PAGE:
Calibre Library is a Great Way to Access your eBook Library Wirelessly
Nov 25, 2011 8:54 AM –
Calibre Library. Connect wirelessly to your Calibre e-book library or other Stanza source. Browse and download your e-books on the go.
Tested on: Samsung Galaxy Tab 10.1
Pros & Cons:
- You an access your entire eBook library wirelessly, and download books directly to your device.
- You can only access the library while you’re connected to the same Wi-Fi access point.
I’ve used the Calibre desktop client to manage my eBooks since I got my first Kindle several years ago. I find it to be one of the easiest ways to manage a library that pulls books from a variety of sources, and from which you want to manage the books synced to several different devices at once. The Android app continues the tradition of making it easier to manage your digital book collection.
To work, you first have to share your library in the desktop client. You can go in and adjust the settings under preferences, but once you have it set up, all you have to do is hit the “Connect/Share” button in the desktop client to start the service. On the Android side, it’s a bit more complicated. You first have to pull your IP address, since this is how the app connects to the library, using a specific port to access the data. It actually took me a few tries to get this set up right, and ultimately required me to pull up the Command Prompt on my computer to run ipconfig to get my exact device address, as well as messing around with my firewall settings, as they were blocking the connection. In the app, you can test the settings, and it offers a test server, so you can quickly see if it’s the app not working, or if the settings on the desktop still aren’t correct. There is a very helpful FAQ in the app’s help section that will walk you through some of the most common setup hiccups and how to fix them, and if nothing there works, the developer is very good about getting back to you to try and troubleshoot the problem. On the download page, he even states that even if you go over Google’s refund window, if you save your Google Checkout receipt, he will refund the app if you just can’t get it working, even if you take longer than 15 minutes working on it.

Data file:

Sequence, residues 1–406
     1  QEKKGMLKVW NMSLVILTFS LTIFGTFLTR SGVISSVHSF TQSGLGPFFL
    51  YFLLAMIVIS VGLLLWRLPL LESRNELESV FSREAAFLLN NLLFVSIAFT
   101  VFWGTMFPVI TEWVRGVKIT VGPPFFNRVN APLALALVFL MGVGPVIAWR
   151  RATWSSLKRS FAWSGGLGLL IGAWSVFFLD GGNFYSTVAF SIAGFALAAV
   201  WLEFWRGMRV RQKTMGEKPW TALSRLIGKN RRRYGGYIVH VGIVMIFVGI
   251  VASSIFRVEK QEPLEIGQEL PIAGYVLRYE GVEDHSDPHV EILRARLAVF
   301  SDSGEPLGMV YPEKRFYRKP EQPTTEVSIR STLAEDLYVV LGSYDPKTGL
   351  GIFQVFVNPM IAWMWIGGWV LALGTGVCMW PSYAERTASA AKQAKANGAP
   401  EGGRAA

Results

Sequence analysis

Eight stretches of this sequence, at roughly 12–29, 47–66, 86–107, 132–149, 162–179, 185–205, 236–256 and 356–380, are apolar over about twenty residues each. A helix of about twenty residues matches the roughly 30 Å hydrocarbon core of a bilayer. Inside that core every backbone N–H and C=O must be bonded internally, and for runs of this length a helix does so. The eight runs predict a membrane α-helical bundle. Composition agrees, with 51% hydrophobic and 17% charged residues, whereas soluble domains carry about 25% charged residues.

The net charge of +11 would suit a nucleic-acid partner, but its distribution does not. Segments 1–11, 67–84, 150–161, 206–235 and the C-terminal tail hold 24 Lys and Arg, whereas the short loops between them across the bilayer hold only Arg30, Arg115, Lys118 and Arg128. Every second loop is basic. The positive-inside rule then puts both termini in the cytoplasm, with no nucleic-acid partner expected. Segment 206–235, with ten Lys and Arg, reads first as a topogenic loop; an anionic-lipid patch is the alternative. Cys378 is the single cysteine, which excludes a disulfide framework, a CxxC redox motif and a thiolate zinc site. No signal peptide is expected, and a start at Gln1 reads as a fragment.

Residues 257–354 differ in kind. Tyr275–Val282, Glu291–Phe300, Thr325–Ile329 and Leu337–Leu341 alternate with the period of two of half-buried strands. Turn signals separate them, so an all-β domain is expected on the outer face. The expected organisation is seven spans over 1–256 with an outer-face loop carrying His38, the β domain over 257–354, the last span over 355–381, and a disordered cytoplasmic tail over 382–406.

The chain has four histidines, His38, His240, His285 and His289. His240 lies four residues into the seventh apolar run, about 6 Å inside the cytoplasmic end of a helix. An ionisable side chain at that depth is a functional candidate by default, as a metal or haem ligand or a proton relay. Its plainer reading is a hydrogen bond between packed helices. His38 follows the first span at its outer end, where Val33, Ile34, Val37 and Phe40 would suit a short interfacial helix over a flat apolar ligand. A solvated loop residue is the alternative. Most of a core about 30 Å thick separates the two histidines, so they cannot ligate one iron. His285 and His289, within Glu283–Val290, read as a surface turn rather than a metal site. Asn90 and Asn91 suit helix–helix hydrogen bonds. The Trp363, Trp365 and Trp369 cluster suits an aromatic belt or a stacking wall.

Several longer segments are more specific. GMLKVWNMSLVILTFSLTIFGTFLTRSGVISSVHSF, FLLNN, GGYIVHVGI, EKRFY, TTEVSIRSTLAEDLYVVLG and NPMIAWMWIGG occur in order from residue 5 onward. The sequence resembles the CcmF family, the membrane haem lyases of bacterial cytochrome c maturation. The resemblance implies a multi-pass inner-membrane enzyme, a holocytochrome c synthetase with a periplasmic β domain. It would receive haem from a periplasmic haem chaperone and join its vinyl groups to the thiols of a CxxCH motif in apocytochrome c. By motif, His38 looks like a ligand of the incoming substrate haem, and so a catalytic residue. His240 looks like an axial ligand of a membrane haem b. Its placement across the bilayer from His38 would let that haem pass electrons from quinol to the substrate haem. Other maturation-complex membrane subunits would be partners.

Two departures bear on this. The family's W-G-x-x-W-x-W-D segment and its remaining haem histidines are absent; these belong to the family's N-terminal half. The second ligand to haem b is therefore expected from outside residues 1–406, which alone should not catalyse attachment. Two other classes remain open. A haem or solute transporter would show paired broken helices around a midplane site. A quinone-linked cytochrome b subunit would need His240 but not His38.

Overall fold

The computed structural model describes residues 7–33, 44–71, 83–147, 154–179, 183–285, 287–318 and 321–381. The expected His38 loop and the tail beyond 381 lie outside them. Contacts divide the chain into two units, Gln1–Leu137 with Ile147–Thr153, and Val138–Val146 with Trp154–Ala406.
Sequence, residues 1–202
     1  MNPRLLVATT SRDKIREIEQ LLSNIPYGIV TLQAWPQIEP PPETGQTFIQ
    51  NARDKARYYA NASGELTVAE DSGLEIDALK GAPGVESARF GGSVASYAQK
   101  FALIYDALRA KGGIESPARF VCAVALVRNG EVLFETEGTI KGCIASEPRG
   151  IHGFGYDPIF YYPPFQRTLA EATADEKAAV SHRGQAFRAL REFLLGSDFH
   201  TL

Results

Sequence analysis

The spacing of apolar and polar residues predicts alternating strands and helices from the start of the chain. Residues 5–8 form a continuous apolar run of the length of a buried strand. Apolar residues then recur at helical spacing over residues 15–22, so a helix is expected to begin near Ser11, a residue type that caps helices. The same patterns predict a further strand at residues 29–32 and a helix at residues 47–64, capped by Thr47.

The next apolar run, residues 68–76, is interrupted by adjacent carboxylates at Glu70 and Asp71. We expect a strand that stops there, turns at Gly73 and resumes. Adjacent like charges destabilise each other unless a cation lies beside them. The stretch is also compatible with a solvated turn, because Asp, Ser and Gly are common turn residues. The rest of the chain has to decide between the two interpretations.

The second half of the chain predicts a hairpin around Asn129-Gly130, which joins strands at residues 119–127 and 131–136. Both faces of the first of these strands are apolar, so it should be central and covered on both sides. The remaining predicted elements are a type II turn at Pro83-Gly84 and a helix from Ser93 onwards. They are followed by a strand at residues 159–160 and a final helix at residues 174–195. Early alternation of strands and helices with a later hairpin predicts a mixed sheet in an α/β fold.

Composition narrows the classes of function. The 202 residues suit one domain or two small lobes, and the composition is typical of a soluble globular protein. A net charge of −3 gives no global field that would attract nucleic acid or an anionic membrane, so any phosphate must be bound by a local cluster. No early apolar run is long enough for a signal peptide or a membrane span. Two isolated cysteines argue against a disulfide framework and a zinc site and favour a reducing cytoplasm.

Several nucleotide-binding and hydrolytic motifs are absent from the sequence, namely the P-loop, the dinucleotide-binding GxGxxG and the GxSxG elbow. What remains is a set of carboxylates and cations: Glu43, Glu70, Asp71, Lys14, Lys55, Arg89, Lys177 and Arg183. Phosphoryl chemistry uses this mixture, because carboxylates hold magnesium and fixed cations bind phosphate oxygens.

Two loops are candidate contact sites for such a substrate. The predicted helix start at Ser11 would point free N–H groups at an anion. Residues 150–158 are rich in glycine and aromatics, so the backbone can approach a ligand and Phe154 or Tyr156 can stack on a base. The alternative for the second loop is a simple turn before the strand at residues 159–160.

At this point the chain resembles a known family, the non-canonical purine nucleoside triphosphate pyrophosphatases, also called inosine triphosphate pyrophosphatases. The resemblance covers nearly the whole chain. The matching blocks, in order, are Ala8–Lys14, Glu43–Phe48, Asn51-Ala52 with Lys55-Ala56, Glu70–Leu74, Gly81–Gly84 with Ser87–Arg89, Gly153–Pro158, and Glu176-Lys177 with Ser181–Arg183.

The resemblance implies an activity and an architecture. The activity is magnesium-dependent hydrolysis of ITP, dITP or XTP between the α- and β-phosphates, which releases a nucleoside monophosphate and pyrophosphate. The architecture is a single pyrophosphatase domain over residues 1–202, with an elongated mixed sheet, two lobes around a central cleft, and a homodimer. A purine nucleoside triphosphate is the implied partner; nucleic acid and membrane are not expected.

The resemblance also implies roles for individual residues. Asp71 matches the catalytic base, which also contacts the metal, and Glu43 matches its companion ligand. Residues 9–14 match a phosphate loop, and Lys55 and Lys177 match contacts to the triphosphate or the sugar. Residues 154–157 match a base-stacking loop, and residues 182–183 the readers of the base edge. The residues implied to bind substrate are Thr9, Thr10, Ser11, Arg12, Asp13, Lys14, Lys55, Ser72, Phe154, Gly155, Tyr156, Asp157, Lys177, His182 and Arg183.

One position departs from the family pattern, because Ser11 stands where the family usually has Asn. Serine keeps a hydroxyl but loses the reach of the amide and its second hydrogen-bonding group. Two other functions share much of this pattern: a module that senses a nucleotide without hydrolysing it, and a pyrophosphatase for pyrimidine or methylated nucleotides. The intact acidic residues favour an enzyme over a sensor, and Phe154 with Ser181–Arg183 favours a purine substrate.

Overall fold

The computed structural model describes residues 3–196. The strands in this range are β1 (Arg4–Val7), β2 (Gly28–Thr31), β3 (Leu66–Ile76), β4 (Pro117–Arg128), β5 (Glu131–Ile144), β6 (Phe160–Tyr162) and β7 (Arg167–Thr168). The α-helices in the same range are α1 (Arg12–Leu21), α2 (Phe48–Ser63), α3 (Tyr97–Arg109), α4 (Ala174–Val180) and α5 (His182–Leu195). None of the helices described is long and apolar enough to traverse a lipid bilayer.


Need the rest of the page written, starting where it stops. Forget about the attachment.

Another quick note is that the app really only officially works if you’re connecting via the same Wi-Fi access point. That is how the Calibre desktop server is set up to share by default, although there are ways to share over the Internet if you want to delve deeper into servers, hosting and setup. For the purposes of this review, I only tested the app on the same access point.
Once you have the app up and running, you can browse your entire library by title, author, tag, and a variety of other parameters. You can also search for specifics, which is a necessary feature for those with large collections, like me. It is easy to download the book, which you can configure to pull the cover image if one is available, or not, depending on your preferences.
The only thing you can’t do in Calibre Library is actually read a book. This is a manager and download tool to link you to your library without having to connect it to your system with a USB cable. To read the books, you’ll need a separate eBook reader, of which there are a wide range of both free and paid options on the market to suit pretty much anyone.
Calibre Library Main
Calibre Library Browse
Calibre Library Book
Calibre Library Settings
For people like me who have huge eBook libraries that they want to be able to easily access and pull book from on their Android device, this is beyond useful. It makes it incredibly easy to browse and download books direct to your device.
Ease of Use:
Setup was a bit complicated since it requires connecting directly via your IP address, but once it’s setup, the app itself is very easy to use.
If you like to switch out books often, this will be a life saver, and an app you refer to on a regular basis.
The interface is very simple, starting you out with various ways you can access your collection, then drilling down until you reach the book’s individual listing, which is also where you get the download button to save it to your device’s memory. If you have a cover image, it will show the cover along with the title and author all the way through the process, and if you have tags or other information associated with the book, that will be there as well.